Postby Aawaldrop » Fri Mar 01, 2013 12:33 am

jvincent11 wrote:Class of 2015

LSAT 25th 50th 75th
Penn: 164 170 171
UVA: 164 170 171
NU: 164 170 171

With law school apps down even more from last year with the biggest reduction in the applications scoring in the 170-174 range, are reverse splitters finally going to be rewarded for those 4 years of sacrifice and dedication?? I guess my question real question is does a 165 and a 3.9 actually give an application >50% chance at these schools?


To answer the question asked; no it does not.

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jvincent11
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Re: Year of the Reverse Splitter?

Postby jvincent11 » Fri Mar 01, 2013 12:40 am

guano wrote:
jvincent11 wrote:
guano wrote:
jvincent11 wrote:Class of 2015

LSAT 25th 50th 75th
Penn: 164 170 171
UVA: 164 170 171
NU: 164 170 171

With law school apps down even more from last year with the biggest reduction in the applications scoring in the 170-174 range, are reverse splitters finally going to be rewarded for those 4 years of sacrifice and dedication?? I guess my question real question is does a 165 and a 3.9 actually give an application >50% chance at these schools?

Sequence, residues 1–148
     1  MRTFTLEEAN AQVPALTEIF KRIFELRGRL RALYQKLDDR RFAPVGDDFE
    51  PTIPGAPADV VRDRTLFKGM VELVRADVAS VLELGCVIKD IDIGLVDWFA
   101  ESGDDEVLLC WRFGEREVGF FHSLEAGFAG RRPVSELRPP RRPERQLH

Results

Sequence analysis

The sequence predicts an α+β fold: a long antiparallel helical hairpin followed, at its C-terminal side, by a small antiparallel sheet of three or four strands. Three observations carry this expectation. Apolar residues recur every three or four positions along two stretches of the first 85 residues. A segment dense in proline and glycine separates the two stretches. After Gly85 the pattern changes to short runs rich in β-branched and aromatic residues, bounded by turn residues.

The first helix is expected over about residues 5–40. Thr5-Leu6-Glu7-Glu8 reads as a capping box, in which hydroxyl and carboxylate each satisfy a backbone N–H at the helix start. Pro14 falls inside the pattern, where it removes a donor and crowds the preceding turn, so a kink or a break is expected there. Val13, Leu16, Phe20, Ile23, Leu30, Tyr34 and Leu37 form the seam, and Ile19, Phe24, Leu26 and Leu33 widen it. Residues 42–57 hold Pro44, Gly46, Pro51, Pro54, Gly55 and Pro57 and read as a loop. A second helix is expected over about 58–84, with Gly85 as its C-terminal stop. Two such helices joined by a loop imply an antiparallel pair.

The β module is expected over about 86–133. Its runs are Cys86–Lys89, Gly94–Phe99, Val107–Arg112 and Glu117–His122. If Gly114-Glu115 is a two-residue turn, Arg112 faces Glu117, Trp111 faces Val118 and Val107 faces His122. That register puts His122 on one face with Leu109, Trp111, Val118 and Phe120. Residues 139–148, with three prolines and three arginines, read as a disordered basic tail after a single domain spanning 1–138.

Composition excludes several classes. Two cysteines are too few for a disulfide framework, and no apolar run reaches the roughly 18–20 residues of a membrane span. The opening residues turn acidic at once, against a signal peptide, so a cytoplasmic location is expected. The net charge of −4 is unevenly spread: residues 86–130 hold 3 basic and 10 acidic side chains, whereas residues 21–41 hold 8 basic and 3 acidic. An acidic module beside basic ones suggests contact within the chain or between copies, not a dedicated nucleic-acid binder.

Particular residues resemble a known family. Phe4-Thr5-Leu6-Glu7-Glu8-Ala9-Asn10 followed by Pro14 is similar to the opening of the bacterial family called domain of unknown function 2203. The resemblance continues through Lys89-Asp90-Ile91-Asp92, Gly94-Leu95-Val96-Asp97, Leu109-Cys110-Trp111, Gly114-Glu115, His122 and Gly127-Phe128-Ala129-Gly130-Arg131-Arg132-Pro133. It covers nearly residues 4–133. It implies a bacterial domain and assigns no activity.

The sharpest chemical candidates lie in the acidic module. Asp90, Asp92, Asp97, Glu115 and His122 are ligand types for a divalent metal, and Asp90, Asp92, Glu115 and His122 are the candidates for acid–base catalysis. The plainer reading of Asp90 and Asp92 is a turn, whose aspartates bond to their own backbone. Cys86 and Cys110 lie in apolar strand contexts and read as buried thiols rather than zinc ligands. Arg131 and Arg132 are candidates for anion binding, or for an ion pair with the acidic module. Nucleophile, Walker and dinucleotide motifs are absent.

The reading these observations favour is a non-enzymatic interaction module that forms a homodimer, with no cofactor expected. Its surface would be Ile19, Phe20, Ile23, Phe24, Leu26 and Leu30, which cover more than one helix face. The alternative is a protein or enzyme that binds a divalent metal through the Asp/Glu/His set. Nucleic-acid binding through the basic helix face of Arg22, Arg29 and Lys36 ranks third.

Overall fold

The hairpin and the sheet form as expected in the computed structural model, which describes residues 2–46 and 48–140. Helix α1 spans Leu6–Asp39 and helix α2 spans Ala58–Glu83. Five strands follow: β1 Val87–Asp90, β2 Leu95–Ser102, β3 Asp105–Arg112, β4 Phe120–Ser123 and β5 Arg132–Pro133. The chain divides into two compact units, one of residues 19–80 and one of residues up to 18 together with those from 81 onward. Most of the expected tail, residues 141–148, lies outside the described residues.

no, it'll make splitters more valuable than ever and reverse splitters less valuable (less high LSAT scores to help balance low LSAT scores)


Ok, but schools dont want their GPA medians to suffer much. It is clear that splitters are more valuable, but I would imagine reverse splitters are also benefiting as well because the 170+ LSATs AND 3.8+ GPAs are going to T6 so schools need to take reverse splitters to account for the splitters they take so GPA medians can remain in tact. I mean look at the class of 2015 stats 164 lower 25h for Penn I was astonished when I saw that

A) what on earth makes you think that? The goal will be to keep LSAT scores high, not to drop the LSAT medians in favor of GPA
B) why on earth is it so surprising? 1-2 points is not exactly an earth-shattering drop


A) I imagine the goal is to keep both high, which goes back to what I said about when a school takes a splitter, they will feel compelled to take a reverse splitter near lower 25th lsat and 75th gpa to compensate so then medians effectively stay the same. If you take too many splitters your GPA medians will take a major blow as a result. I think its in the law schools best interest to try and keep both as high as possible. The numbers above support my theory. The median is 170 but then the lower 25th is 164 because at some point schools have to stop taking splitters and take the applicants with high GPAs to keep up their GPA medians. Penn has a 3.87 median GPA, higher than Stanford, and i imagine that contributes to its high ranking. I agree a law school wouldn't drop LSAT medians in favor of GPA, but I think they try to stay balanced.

B) We're talking about Penn here, and Gtown and Cornell are both higher. I was just very surprised Cornell has a lower 25th LSAT score 2 points higher than Penn.